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5 Comments
  1. John Pickernell permalink

    There was one happy ending for area football teams this year. The Sydenham Golden Eagles Jr. Football team finished out a perfect 10-0 season with a 31-0 win against Haliburton in the 2013 AA Jr. National Capital Bowl.

  2. Nancy Lorimer permalink

    Hi Claude, I justed wanted to tell you how much I enjoy your writing! So great that someone is following the local teams and individuals and doing such a great job with so much detail. Thanks for all you do!
    Nancy

  3. Hi Claude I was hoping you may have had a look at Sportsnet’s 50 best CIS players list. The first 40 were not a problem…I still would have liked to see more Gaels among them but I am a homer of course but when the top 10 came out on Thursday with no Danny B?????? And then they give him an “honourable mention”? So outraged!!!! Comments?

    • Hello, Nancy. I was a little disappointed that they used the Vanier Cup as the focus, but made it the top players of the ‘Vanier Cup era.’ A much more interesting exercise would have been the top 50 plays of the Vanier Cup, the top 50 players in Vanier Cup games or something more specifically tied to the game itself. That way, they’d have had a chance for more color, more interesting stories and people (lesser lights who had their shining moment in the big game, for instance). When I saw Andre Durie among the top 10, I flinched. He’s done exceptionally well for himself as a pro after a horrible leg injury (suffered at Queen’s, by the way) but his intercollegiate career was very short. Larry Smith, for instance, had a splendid career at Bishop’s in the late 60s and would have been on my list. Danny Brannagan should have been there by anyone’s definition, though. I doubt anyone ever had as good a playoff run as Queen’s did in 2009, with three straight come-from-behind wins, and don’t forget he overcame the largest halftime deficit in the history of the Vanier Cup game. The interesting thing, though, is that for many years Queen’s teams took a certain amount of pride that they was shunned for individual awards and all-star selections, and proud that their success was achieved collectively. Having done this kind of story, people will often offer differing opinions; that’s the nice aspect of it. It does generate discussion. So in that respect the exercise was useful. Frankly, though, when I saw that it was the Top 50 ‘of the Vanier Cup era,’ as opposed to the Vanier Cup itself, I lost interest. You can go through the record book and come up with that list. After the first 10, I didn’t bother to look anymore. But that’s just me. Thanks for your input, and your support!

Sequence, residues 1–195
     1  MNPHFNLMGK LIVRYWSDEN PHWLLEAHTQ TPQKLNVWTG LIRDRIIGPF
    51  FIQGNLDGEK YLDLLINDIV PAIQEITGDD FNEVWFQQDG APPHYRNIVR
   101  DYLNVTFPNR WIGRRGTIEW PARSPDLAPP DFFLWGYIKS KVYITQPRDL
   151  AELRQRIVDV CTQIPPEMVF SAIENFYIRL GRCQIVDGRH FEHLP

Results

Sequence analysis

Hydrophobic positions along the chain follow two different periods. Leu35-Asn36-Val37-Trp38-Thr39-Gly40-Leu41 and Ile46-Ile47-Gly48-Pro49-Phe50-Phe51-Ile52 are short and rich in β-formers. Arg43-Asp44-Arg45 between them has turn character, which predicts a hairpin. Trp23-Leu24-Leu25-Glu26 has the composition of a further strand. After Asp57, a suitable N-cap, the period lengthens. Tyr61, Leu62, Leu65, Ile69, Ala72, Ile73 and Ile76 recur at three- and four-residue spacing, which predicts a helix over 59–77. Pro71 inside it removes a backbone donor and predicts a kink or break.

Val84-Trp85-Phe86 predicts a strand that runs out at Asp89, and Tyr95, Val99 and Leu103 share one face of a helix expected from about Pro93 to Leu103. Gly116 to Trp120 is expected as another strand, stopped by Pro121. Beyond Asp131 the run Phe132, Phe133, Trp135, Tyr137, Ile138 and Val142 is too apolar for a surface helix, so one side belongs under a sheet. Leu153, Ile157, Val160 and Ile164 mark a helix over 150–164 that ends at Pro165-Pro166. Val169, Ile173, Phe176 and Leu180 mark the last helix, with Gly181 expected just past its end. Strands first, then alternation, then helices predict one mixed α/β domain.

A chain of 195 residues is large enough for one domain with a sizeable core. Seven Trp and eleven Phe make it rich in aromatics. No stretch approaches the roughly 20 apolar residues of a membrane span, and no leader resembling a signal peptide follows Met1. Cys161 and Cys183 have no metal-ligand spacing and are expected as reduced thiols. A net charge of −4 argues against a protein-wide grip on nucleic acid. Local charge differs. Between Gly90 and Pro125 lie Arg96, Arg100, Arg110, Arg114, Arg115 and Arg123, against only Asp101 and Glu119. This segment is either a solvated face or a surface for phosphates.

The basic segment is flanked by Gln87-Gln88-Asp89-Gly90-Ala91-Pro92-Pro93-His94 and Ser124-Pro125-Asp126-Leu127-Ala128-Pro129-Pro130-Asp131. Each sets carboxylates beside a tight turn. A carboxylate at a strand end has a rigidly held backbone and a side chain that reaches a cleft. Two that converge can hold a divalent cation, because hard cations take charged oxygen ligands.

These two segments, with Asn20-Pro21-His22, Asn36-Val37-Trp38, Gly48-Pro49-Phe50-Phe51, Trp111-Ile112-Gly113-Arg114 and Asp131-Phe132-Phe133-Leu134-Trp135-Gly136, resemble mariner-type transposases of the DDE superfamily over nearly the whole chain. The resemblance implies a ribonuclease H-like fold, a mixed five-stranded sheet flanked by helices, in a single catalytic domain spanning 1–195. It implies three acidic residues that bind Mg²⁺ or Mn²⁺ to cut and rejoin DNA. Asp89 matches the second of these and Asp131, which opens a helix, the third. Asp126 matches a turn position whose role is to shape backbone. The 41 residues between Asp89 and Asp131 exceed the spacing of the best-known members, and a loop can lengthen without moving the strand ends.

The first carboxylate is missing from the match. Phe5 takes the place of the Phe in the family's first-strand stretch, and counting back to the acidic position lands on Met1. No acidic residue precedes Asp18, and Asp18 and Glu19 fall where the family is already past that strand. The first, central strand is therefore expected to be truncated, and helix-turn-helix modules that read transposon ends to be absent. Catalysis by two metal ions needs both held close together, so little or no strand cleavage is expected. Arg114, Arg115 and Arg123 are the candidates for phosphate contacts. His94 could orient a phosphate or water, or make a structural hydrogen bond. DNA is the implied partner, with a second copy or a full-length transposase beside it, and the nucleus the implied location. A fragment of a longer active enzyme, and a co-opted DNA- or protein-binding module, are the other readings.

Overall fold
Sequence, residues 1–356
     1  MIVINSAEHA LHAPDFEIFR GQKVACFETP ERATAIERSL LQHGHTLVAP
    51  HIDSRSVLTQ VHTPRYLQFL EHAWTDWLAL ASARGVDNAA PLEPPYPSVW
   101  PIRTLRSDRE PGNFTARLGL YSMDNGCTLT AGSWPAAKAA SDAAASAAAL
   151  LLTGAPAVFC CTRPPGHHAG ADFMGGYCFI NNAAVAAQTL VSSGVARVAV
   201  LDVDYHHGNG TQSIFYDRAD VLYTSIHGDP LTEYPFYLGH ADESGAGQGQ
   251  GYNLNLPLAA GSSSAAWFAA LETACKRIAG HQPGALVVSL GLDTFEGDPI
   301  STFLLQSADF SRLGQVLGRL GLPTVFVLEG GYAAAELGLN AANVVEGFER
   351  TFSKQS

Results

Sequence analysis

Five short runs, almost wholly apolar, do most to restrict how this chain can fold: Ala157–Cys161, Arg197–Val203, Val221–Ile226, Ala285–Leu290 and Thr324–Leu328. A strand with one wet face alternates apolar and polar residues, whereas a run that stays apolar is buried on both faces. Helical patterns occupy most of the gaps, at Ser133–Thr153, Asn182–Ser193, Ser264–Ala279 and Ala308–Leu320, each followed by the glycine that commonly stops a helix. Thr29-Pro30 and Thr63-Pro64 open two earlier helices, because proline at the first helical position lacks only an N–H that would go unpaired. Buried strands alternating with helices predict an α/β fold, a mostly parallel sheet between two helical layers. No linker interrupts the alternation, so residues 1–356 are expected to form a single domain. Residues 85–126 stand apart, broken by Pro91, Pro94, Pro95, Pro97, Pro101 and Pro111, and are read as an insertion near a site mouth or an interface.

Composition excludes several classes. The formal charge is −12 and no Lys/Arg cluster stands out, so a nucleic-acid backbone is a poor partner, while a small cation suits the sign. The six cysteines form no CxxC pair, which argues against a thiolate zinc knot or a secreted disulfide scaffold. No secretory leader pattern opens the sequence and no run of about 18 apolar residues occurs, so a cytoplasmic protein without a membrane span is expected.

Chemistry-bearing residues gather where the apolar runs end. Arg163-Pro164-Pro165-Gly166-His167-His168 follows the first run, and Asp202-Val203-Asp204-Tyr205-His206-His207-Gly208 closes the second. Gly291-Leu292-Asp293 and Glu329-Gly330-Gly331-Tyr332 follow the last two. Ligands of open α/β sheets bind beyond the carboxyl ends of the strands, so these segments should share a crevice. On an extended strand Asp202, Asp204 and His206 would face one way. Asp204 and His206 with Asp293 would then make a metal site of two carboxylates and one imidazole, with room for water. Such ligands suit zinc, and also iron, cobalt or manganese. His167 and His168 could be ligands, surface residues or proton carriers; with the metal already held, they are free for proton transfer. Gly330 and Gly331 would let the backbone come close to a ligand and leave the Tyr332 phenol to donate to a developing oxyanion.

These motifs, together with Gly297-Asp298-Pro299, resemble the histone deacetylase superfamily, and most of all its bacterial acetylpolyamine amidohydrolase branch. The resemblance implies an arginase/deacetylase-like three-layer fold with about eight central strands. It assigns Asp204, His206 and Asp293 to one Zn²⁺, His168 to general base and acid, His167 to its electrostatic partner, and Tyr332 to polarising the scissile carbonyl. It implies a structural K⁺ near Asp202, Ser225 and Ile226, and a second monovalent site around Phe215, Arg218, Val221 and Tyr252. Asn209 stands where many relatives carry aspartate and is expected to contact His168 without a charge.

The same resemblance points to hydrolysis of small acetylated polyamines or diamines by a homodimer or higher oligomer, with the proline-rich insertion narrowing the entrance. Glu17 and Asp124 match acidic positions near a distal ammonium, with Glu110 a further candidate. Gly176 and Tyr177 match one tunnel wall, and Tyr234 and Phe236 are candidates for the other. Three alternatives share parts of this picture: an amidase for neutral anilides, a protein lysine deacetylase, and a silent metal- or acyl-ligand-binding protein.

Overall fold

4. Thanks Claude, I knew you’d have some interesting thoughts on it…and I appreciate that you understand my indignation ; )

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